Fact not Fiction – A Standard Primer by Michael Maxwell

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Fact not Fiction – The Winners and Losers from Pro Tour Paris by Michael Maxwell

With Extended season almost over and Nationals Qualifiers just around the corner, I take a look at the top decks in Standard right now – and how to beat them.

For each deck I will look at a typical decklist, the deck’s game plan, strengths, weaknesses, and common sideboard options/possible tech.

Cawblade.

Stock list:

Artifacts

1 Sword of Feast and Famine

1 Sylvok Lifestaff

Creatures

4 Squadron Hawk

4 Stoneforge Mystic

Instants

1 Cancel

1 Deprive

3 Mana Leak

4 Spell Pierce

Planeswalkers

3 Gideon Jura

4 Jace, the Mind Sculptor

Sorceries

4 Day of Judgment

4 Preordain

Basic Lands

5 Island

4 Plains

Lands

4 Celestial Colonnade

4 Glacial Fortress

1 Misty Rainforest

4 Seachrome Coast

4 Tectonic Edge


Game plan.

Cawblade has two game plans – either cast a turn 2 Stoneforge Mystic, then use the Sword of Feast and Famine it (usually) tutored for to generate massive card and tempo advantage; or play like a traditional control deck by countering early threats, sweeping the board, then riding Planeswalkers to victory.

Strengths.

This deck uses sword of feast and famine better than any other, due to the counterspells. The ability to drop a planeswalker, attack them, and then pass the turn with countermagic is extremely powerful. In control mirrors, once the mystic is active Cawblade never has to tap out in the main phase again – the comparisons with bitterblossom are not without good reason. The tag team of Jace and Gideon is also very potent.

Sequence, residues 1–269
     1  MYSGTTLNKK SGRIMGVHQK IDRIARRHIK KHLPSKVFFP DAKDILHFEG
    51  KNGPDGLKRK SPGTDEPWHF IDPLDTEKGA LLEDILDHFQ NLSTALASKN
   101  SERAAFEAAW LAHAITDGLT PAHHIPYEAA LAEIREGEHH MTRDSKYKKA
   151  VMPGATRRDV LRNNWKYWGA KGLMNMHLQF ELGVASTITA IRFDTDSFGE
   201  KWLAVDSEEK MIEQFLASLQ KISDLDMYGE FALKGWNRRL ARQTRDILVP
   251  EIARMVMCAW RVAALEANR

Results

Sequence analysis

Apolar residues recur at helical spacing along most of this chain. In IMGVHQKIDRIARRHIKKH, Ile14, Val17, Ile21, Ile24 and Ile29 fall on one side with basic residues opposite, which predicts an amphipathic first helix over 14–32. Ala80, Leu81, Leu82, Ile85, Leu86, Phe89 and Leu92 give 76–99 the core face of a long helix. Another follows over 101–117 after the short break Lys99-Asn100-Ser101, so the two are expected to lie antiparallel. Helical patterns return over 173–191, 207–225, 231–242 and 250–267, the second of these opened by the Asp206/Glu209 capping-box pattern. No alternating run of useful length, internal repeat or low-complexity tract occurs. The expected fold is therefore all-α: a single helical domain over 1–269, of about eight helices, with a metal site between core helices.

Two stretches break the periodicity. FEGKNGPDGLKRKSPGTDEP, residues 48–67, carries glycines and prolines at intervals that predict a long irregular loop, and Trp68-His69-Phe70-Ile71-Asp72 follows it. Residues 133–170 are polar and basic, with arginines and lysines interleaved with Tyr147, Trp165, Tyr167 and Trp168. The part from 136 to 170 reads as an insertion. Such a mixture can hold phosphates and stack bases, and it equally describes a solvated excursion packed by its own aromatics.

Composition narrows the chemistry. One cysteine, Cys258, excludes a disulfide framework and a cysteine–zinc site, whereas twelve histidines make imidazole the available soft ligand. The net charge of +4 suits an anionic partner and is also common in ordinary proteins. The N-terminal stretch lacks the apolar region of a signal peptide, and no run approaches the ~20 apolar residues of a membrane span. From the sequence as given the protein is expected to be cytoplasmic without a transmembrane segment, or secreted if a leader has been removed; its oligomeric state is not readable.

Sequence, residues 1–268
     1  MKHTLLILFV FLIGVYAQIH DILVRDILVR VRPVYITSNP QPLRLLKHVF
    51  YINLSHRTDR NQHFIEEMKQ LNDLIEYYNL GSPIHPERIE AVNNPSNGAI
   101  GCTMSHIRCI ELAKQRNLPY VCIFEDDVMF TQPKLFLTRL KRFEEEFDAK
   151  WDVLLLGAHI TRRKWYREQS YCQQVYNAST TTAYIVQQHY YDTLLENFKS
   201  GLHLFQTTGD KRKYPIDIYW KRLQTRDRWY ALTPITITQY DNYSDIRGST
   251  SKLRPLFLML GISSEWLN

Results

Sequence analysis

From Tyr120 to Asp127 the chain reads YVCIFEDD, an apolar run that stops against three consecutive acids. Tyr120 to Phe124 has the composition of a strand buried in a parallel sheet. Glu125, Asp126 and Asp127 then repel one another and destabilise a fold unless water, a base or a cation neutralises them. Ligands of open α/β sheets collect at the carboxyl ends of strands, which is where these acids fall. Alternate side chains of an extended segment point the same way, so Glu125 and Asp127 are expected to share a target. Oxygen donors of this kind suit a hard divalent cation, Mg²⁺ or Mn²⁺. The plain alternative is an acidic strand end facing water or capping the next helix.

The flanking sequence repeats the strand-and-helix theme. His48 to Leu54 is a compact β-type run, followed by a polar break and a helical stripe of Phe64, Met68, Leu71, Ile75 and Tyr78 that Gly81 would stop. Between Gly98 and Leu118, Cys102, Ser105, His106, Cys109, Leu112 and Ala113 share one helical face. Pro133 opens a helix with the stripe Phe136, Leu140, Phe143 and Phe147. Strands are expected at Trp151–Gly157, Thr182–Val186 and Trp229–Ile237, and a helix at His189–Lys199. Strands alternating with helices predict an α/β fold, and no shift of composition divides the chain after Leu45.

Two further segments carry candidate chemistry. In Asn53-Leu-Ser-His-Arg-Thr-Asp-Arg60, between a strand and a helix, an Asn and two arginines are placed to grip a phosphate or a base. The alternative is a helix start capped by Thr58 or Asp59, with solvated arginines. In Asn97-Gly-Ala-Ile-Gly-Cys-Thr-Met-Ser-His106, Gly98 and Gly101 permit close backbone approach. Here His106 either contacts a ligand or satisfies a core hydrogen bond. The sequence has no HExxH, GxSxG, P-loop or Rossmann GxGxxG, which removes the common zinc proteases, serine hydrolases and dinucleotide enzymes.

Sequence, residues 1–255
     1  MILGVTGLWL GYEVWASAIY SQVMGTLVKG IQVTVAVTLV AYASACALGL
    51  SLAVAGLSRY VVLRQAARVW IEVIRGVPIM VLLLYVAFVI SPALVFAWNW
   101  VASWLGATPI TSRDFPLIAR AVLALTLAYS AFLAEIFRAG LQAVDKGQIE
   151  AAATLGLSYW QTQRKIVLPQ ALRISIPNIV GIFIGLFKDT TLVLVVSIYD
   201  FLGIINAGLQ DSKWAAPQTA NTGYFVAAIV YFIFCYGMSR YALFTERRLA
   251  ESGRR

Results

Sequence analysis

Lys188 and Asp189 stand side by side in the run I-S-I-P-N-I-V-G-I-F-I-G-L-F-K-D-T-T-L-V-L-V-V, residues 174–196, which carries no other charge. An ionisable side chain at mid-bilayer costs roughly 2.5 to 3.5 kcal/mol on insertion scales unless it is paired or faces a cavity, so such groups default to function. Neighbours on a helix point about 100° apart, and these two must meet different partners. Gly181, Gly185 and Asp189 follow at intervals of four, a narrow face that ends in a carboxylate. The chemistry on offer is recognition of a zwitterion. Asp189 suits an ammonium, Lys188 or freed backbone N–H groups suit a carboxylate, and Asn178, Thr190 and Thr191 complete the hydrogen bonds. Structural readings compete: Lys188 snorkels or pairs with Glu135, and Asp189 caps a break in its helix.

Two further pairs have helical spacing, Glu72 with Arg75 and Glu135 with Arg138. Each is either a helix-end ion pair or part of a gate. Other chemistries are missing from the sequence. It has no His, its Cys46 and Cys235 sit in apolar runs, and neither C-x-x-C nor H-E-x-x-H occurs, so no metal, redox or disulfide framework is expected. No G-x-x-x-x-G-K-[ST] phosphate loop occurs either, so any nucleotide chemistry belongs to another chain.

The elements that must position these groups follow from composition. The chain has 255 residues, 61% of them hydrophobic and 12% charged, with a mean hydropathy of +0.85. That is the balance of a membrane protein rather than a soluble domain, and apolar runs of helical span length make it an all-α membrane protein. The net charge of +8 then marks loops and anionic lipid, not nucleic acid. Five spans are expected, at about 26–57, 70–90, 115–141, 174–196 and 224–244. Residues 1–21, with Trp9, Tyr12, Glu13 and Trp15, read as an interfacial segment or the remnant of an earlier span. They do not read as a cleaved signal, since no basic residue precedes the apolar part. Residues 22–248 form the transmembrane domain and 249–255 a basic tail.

Weaknesses.

Most versions of this deck have no removal in the early turns, so a quick creature rush can be hard for them to deal with. Cawblade often maindecks 2-3 Spell Pierce, making creatures a better avenue of attack than spells a lot of the time. A resolved planeswalker is also difficult for this deck to deal with – making them tap out for Day of Judgement and then sticking a Koth, Tezzeret or pretty much any other Planeswalker puts them in a lot of trouble.

Sideboard cards/tech.

GerryT has popularised a version with red, giving the deck access to Lightning Bolt, Cunning Sparkmage, Pyroclasm and even Inferno Titan, which go a long way towards helping the aggro matchups. Expect plenty of Ratchet Bombs, Flashfreezes, Divine Offerings, and Baneslayers/titans in the sideboard. Stoneforge Mystic gives you access to equipment bullets such as Mortarpod or Bonehoard.

Valakut.

Stock list:

Creatures

2 Avenger of Zendikar

4 Lotus Cobra

2 Oracle of Mul Daya

4 Overgrown Battlement

4 Primeval Titan

Enchantments

4 Khalni Heart Expedition

Instants

4 Harrow

Sorceries

4 Explore

4 Green Sun’s Zenith

Basic Lands

5 Forest